If we had a way of communicating without being limited to the palette of the written word, I could explain what music means to me. I could show you if we had a way of sharing thoughts. Music is color, music is visual, music is emotion, music is sensation. It is not words. Its power is not easily explainable with the English language. There is almost nothing more important to me than music.
I grew up with music-loving parents. The classical station was usually playing throughout the day. We’d listen to opera at night. My parents had a vast collection of records: opera, classical, and film scores. We’d often listen to those records, and often we would just listen. And I mean listen. Not play games or cards, not read a book, but sitting and just listening. I still do this a lot. Music is best when you can devote your full attention to it. Just close your eyes and listen.
Our lives are so darned busy, overwhelmed with stuff that needs to be done. But we will always make time for what matters to us. Listening to music matters to me.
The first thing I do in the morning is start playing music. The last thing I do before I go to bed is usually turn it off. I don’t listen to it at work because I’m often on the phone, but if I’m on a project where I’m not going to be interrupted, then I’ve got music playing. The minute I go on break or lunch, I hit play on the iPod. If I’m writing, I’m listening to music. If I’m driving, I’m listening to music. If I’m not listening to music, I’m humming or whistling to music playing in my head.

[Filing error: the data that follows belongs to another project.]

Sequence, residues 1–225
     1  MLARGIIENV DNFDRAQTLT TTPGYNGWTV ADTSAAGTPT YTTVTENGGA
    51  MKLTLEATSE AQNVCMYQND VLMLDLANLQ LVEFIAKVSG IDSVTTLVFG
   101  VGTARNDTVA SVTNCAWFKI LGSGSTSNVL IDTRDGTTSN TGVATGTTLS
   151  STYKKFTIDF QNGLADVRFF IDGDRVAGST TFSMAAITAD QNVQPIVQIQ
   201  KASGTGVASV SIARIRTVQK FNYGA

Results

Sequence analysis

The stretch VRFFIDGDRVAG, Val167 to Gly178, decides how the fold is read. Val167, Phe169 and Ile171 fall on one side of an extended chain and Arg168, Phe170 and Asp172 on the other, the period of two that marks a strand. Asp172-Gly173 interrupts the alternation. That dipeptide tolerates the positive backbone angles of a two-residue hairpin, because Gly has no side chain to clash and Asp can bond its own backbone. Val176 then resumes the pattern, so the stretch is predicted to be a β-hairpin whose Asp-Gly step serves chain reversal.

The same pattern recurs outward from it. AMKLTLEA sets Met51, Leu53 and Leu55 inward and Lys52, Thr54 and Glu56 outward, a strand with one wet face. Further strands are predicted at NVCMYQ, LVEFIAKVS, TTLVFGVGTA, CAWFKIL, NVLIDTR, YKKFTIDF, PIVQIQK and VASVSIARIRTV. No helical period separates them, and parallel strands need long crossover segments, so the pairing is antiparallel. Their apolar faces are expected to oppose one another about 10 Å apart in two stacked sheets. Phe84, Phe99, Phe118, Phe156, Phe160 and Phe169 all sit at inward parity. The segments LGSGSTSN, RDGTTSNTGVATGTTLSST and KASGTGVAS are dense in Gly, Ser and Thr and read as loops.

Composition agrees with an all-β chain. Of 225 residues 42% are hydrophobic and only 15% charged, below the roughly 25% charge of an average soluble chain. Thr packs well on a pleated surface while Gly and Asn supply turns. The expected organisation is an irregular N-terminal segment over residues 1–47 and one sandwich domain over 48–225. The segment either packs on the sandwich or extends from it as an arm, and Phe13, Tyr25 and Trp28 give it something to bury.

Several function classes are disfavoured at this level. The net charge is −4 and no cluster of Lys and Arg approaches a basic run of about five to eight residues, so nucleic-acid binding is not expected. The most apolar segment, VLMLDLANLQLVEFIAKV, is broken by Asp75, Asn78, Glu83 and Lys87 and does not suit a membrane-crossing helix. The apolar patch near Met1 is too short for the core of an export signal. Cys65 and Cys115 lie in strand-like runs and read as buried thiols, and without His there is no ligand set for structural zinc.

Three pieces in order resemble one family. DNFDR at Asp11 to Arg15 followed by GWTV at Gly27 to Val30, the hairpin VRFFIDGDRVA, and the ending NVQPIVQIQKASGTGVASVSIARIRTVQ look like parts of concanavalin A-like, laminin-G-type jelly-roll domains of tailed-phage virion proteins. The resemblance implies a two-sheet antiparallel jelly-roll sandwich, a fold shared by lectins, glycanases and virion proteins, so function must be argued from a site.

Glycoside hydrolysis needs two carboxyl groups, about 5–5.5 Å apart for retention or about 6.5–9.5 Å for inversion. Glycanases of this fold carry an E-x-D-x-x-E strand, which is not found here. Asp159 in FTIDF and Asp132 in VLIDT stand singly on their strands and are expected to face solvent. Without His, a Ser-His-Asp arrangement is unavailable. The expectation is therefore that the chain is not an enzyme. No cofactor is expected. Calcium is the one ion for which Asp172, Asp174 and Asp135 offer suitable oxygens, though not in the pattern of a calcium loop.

Since 1982, since getting the score to Star Trek II, James Horner's music has been with me weekly, if not daily. And on days I choose to listen to something by another composer, his name still crosses my mind. That’s thirty-three years his music has been with me almost daily. There’s only two other people that get thought of daily and going back as long: my sister and Jerry Goldsmith, my other favorite film composer. This is one of the reasons James Horner’s death has hit me so hard. Why I still tear up if someone starts talking to me about him, or if certain pieces come on my iPod. His music has been a constant companion for most of my life. Through the ups and downs, through multiple novels, through moves, through trips, through friends. Thirty-three years this man and his music have accompanied me every single day. His music will continue to accompany me daily for the next thirty-three years... but there will no longer be any new scores to look forward to.